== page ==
Students weigh in on illegal music downloading

caitlinhardee

Credit: Alden
Credit: Alden

We don’t like it when people steal our stuff.

The outrage and fear on campus, following the recent spate of laptop thefts, testifies to that. Such reactions are understandable. A laptop holds a student’s work, the labor of one’s mind: one’s livelihood as a student. Few of us would ever condone stealing someone’s labor and livelihood.

Oh wait.

A recent poll of Whitman students asked the question: Do you download music without paying for it?

Fifty percent of 107 responders answered: “Sometimes.” Twenty-three percent responded, “All the time,” and 11 percent said they use bulk music subscriptions like Rhapsody. Only 16 percent said they consistently pay full price for their music.

It’s a sensitive subject. We are in the midst of a recession and many college students don’t have extra funds to throw around. However, the surge in illegal downloading impacts artists and the music industry in ways that students may not realize. Jim McGuinn, owner of local music store Hot Poop, spoke regarding the intense pressure on recording artists to perform strongly in sales.

“You get fronted money when you get signed up,” McGuinn said. “They say: your CD’s going to do well, here’s $50,000. Now you owe a couple hundred [thousand] for recording it and promoting it. When I used to do light shows, I met people who told me they still owed Sony, or in those days Columbia Records, for their albums. They had not recovered it. They’d sold a lot. But it cost more: to make it, promote it and tour.”

Despite pressures on individual artists, the music industry is often perceived as rich and financially stable.

“I feel like the music industry makes enough money that it’s pretty much okay to download music for free,” said sophomore Annie Truscott.

While top record executives like Doug Morris and Simon Cowell do have plenty of money, declining record sales force labels to be more conservative with the artists they sign, leading to dwindling diversity.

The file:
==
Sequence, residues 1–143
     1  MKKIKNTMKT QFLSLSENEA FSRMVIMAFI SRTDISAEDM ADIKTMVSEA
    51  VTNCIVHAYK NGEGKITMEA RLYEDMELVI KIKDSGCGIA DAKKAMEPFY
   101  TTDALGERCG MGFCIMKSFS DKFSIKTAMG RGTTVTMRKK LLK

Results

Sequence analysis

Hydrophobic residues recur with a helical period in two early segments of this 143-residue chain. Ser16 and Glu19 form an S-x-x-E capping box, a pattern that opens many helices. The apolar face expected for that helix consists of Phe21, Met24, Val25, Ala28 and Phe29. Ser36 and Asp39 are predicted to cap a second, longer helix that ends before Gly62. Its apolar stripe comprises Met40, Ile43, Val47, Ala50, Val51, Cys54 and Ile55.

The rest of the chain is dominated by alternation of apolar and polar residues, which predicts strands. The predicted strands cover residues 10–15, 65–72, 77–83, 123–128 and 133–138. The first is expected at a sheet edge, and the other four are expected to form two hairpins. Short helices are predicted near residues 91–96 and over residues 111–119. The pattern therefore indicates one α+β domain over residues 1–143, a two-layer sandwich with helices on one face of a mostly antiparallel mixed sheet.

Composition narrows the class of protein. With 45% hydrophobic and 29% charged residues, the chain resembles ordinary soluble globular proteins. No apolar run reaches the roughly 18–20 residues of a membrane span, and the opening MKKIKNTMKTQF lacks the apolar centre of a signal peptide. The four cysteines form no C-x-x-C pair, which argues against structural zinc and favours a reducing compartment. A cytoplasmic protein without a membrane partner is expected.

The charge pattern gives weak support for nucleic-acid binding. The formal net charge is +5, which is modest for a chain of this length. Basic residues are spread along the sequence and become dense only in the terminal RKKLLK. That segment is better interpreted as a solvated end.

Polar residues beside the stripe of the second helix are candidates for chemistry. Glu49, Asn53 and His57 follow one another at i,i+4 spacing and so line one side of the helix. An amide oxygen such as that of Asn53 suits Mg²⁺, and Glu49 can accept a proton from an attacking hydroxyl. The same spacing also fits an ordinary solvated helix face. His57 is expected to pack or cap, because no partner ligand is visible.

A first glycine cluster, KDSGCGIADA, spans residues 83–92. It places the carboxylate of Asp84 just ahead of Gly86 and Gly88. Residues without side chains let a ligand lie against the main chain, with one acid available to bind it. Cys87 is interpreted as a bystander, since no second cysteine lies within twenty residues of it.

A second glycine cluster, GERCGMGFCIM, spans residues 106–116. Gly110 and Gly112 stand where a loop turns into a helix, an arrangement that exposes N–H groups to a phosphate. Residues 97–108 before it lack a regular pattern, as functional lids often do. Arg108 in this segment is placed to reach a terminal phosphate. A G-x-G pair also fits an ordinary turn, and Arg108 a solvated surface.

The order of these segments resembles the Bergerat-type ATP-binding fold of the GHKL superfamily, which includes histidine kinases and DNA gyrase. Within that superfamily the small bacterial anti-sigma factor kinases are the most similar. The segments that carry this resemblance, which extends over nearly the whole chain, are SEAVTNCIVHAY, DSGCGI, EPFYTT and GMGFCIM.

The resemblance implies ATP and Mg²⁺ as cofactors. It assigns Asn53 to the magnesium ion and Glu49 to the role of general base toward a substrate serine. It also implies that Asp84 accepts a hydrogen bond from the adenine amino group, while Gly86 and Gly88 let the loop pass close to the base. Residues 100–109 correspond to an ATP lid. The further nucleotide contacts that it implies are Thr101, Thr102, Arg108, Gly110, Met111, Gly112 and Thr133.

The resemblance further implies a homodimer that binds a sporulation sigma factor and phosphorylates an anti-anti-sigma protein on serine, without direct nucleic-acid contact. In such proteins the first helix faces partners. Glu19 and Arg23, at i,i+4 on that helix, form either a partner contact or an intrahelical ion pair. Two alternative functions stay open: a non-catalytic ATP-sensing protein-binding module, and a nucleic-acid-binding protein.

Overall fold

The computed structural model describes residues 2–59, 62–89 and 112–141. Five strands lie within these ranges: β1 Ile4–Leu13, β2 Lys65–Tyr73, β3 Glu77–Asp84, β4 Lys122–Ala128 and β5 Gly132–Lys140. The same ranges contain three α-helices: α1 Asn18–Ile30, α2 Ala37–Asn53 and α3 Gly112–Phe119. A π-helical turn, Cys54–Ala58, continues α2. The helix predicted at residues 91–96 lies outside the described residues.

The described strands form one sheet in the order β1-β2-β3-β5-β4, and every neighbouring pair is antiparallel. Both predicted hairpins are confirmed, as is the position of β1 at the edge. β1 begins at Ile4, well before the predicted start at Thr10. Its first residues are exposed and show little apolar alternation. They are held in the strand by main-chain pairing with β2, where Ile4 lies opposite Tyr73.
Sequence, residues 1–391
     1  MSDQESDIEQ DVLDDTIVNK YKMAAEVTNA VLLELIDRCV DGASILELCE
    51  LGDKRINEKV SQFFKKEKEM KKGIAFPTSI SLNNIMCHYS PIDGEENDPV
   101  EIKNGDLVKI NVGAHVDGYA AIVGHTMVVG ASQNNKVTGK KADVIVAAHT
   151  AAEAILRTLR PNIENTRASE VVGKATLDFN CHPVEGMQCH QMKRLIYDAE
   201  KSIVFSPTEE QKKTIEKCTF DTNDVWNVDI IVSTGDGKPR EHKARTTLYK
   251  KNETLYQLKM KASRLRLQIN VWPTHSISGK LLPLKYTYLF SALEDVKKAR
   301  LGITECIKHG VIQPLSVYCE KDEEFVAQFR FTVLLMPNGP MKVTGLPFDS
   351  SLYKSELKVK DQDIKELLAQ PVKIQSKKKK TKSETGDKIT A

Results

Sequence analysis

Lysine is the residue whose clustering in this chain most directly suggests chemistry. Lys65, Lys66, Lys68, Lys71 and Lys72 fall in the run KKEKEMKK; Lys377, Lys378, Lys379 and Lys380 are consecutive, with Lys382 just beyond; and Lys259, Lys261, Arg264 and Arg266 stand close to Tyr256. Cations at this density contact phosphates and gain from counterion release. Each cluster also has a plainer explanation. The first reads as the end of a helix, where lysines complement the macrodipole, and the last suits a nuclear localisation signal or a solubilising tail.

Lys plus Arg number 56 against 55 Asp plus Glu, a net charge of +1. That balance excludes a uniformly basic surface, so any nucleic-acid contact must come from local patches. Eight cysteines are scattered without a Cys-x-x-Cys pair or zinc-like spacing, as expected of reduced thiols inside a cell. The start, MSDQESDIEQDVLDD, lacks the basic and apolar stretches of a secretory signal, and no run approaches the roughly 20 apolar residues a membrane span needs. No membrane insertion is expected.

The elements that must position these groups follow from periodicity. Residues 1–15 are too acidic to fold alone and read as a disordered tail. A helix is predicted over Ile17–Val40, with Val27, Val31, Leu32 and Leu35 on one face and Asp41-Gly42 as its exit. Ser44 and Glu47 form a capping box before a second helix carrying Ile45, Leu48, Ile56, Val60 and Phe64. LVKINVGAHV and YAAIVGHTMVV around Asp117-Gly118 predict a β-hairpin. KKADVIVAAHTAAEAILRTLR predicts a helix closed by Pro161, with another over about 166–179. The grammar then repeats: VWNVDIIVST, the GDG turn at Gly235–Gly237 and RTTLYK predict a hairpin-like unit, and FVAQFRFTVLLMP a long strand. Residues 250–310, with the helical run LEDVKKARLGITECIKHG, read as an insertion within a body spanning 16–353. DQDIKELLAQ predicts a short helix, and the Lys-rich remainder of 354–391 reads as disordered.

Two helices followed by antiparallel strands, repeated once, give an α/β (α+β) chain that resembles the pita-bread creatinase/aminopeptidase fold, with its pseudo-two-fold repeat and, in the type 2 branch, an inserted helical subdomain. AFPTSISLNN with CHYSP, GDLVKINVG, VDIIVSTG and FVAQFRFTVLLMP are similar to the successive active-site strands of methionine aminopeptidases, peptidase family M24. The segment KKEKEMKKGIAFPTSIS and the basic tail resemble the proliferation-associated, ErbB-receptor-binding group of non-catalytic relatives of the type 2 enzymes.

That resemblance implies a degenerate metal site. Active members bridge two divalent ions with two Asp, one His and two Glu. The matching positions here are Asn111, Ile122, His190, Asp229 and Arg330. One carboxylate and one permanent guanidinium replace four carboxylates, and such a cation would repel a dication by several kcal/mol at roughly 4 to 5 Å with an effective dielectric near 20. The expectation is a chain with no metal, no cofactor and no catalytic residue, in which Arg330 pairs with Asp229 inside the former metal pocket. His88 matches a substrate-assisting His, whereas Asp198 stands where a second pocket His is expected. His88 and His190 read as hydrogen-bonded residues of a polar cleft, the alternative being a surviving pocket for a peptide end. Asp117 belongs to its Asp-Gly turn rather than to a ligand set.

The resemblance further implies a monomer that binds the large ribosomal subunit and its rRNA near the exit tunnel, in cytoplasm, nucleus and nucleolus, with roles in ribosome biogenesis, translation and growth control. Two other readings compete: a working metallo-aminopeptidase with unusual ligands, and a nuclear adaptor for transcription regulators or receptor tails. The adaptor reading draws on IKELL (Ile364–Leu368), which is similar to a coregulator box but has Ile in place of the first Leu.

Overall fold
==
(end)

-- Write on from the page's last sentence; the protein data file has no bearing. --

“It’s kind of like selling oil,” McGuinn said. “I talk like a Republican. But you’ve got to allow the record labels a chance to make some money. If they’re restricted, they’re not going to sign new artists. When you have Taylor Swift, they say, let’s go get another Taylor Swift. They’re not out trying to find the new best thing.”

For McGuinn, the question of illegal downloads concerns not only the welfare of the industry, but ethics.

“I would just feel guilty,” McGuinn said. “Some of these artists are millionaires, but most aren’t. I’ve seen the industry evaporate: people that I knew in the industry are no longer there. Here’s what I find is weird. ‘Man, you gotta hear this, it’s really good.’ You really care about the band, but not enough that they make money?”

The fact that music downloading poses such a personal ethical problem also speaks volumes over the inability of the legal system to actually enforce copyright laws. Despite publicized instances of legal action being taken against downloaders, many feel that the number and anonymity of downloaders will protect them.

“I feel like so many people are using it that I don’t think they’d be able to single me out individually,” said Truscott.

However, some of the risks of downloading come from fellow file sharers rather than prosecutors. Torrent services such as LimeWire and Frostwire are often riddled with viruses and malicious downloads intermingled with normal music files.

“A lot of the illegal downloads come with viruses,” said McGuinn. “I feel like your mom. If you have free, unprotected sex, you may have herpes for the rest of your life.”

Downloaders using peer-to-peer file sharing services also face serious issues of quality control. A test search for a high-charting pop song on one download hosting site turns up a wide range of file sizes, bit rates and audio quality: everything from high-quality song files to files on par with something ripped from YouTube. For music purists like McGuinn, born in the age of vinyl, such compromises in quality are unacceptable.

Despite the drawbacks and dangers of illegal downloads, sales have continued to spiral as more young people turn to file sharing services. Such trends raise the question of karma. Will young musicians currently using illegal downloads someday themselves face the problems ravaging the industry? Truscott, a KWCW DJ and violinist with The Breezes and Combo Pack, spoke further over her own musical aspirations. While she would like to go further with the bands, she isn’t worried about the anemic music market.

“I’m not really that interested in selling music, more just playing for people,” Truscott said.

For those who are interested in selling music, illegal downloading remains a complex and troubling problem: one that strikes close to the heart of the music industry and its future.